BAYFEST trains k-12 teachers to use “active arts processes” in their classrooms through our in-service professional development trainings in schools, as well as at regional and national teacher conferences. For more information, contact

Teach for America

OCTOBER 19, 2013


Following a very successful workshop we presented at the Teach for America Institute in Los Angeles, BAYFEST was hired to conduct two longer teacher-training workshops with Teach For America teachers in Los Angeles, called “Make A DRAMAtic Difference In Your Classroom.”

The workshops focused on how teachers can use “active arts processes” — guided play, movement and verbal/kinesthetic learning exercises  — to significantly enhance the classroom experience for themselves and their students, and actually deepen and speed up  the learning process – often faster and better than the standardized curricula suggest is possible.

In these workshops, meeting curriculum goals and standards was stressed, and teachers got to experience first-hand how these methods can help their students build a stronger and more engaged ‘ensemble for learning’, while injecting some fun and physical activity into the classroom.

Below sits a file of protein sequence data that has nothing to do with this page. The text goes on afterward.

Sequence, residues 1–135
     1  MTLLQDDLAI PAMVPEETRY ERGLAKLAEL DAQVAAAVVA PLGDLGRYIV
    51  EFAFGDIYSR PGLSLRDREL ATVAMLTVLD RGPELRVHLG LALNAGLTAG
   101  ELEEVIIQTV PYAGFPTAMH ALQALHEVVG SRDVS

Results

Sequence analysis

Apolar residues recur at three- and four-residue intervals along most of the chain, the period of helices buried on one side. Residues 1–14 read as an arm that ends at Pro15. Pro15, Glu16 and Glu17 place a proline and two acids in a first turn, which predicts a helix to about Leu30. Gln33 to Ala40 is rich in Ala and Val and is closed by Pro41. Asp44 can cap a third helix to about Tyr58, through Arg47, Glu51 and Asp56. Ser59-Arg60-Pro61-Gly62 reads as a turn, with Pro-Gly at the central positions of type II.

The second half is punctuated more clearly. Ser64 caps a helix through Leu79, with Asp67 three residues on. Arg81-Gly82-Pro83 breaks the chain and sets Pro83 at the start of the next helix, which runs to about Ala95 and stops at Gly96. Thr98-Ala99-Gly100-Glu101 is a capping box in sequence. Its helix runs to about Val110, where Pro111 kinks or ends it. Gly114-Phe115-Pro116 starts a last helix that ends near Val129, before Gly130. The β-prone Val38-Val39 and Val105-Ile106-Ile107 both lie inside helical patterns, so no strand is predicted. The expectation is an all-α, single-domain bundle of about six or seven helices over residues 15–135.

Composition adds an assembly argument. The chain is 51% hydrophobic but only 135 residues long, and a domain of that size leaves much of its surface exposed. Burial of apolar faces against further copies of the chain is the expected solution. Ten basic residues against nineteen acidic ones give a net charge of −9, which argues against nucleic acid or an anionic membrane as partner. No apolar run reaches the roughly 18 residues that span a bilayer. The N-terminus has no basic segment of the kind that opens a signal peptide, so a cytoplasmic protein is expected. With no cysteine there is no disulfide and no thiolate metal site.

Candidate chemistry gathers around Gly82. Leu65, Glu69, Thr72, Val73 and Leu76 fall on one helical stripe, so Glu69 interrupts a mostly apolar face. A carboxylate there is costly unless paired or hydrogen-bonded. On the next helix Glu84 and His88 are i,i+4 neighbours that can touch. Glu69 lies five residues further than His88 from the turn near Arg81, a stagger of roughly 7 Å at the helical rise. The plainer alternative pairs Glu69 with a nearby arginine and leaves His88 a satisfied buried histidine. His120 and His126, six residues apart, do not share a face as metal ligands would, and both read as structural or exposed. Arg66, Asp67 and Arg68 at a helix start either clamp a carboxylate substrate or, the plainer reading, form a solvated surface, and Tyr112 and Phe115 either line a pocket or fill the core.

The workshops were overwhelmingly well-received, and almost all participants said they felt there was an urgent need for more of this in their classrooms and others the have observed. This is especially true in the current educational atmosphere, where standardized curricula, evaluation and testing receives almost total emphasis, and where arts programs of all kinds are either non-existent or extremely limited.

Workshop participants gave an overall score of 6.4 out of 7 on the following statements:

  • This workshop was helpful to me as a teacher.
  • The workshop was clear and well-presented.
  •  I am excited to invent other ways of using/combining these strategies.
  • I would like to attend more sessions like this and/or have follow-up after this session.

Go to BAYFEST’s Drama Process Programs, In-School Working Methods and School Feedback.